Jul 12 2021

When IT Upgrades Mean Cutting Costs for Higher Ed

Here are four tips for creating long-term cost reductions when making IT improvements.

It’s a common story in IT: An organization finds itself running servers that are 5, 6 or 7 years old (perhaps including equipment that’s no longer supported by the vendor) because there’s no room in the budget for a full upgrade. However, IT departments that carefully plan can achieve tangible, ongoing cost reductions as a result of infrastructure upgrades if they know where to look. Here are four areas that all organizations should explore: 

1. Use Data Center Assessments to Consolidate IT Resources

No-cost data center assessments by third-party providers almost always uncover opportunities to consolidate resources — which in turn reduces costs. Modern servers and storage appliances have become so powerful that it’s common to accidentally overprovision resources, and some organizations are paying for infrastructure that they’re not using.

2. Move “Cold” Data to a Lower Tier of Storage

As storage needs grow, IT shops tend to simply build out more capacity without giving much thought to the resources needed for the job. As a result, many companies are paying for tier 1 storage solutions to store files that they seldom access. By moving this “cold” data to a lower tier of storage, university IT teams can often cut costs without negatively affecting performance.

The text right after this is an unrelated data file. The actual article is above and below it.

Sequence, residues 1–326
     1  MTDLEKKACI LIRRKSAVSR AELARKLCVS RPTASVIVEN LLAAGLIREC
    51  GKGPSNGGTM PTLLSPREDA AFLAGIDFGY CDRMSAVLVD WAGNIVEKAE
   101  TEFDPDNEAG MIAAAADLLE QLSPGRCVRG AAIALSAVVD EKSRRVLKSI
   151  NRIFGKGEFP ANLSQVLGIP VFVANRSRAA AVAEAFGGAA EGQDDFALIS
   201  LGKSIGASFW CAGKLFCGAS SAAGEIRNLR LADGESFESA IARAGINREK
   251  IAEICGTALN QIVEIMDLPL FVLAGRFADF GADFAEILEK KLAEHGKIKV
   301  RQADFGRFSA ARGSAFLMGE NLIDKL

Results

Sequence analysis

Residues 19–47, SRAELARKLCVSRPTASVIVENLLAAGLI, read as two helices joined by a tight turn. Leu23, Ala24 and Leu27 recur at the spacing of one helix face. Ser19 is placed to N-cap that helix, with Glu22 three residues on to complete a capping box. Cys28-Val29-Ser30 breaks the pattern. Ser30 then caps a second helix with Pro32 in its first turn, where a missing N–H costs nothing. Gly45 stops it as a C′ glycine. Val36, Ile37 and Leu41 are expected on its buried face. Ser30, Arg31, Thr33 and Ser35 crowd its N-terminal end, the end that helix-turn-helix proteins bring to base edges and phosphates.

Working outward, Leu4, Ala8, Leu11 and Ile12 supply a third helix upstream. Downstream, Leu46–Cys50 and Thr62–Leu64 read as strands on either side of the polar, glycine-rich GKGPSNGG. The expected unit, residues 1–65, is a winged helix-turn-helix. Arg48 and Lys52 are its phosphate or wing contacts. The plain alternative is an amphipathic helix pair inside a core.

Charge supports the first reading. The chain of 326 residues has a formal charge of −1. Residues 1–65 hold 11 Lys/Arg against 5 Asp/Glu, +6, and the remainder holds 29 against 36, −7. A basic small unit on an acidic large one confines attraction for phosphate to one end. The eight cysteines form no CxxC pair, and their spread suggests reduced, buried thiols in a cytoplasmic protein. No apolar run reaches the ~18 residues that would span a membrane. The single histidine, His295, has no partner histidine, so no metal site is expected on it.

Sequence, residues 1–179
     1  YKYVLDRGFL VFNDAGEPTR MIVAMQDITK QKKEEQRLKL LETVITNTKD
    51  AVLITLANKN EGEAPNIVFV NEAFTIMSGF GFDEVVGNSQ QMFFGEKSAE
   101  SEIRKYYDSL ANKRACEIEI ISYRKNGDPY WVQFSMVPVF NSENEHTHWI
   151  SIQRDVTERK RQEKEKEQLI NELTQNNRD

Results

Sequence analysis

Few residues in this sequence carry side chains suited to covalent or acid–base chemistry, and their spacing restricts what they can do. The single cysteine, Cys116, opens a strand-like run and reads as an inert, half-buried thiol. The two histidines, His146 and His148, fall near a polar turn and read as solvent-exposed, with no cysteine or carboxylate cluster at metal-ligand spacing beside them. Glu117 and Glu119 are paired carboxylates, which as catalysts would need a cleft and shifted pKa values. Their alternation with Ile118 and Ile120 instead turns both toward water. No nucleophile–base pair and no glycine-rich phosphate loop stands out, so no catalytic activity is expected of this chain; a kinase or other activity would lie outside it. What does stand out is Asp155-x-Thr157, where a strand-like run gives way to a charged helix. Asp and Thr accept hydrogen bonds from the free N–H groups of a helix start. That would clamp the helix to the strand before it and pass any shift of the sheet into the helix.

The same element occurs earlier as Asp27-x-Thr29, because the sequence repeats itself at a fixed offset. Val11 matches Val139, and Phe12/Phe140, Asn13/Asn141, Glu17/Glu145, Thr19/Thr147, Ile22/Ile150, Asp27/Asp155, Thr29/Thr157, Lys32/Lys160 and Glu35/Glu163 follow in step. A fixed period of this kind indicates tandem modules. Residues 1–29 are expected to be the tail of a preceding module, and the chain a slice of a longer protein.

3. Use Cloud Backup and Disaster Recovery

Many places still do disk-to-disk backup and use tape for secondary purposes — costly, complex processes. With more cloud backup and Disaster Recovery as a Service options, schools can turn to the cloud. Cost analysis is tricky: Cloud options may appear to be more expensive, but a more modern backup solution can provide a better ROI.

RELATED: Data backup and recovery require speed and service.

4. Analyze the Cost of Running Workloads in the Cloud

Agencies are often skittish about moving too many resources to the public cloud too quickly, motivated by horror stories of peers that moved to the cloud only to come back in-house after the service proved costly. By analyzing the cost of running workloads in the public cloud and comparing that with the expense of managing onsite solutions, universities can pick cost-effective infrastructure models. 

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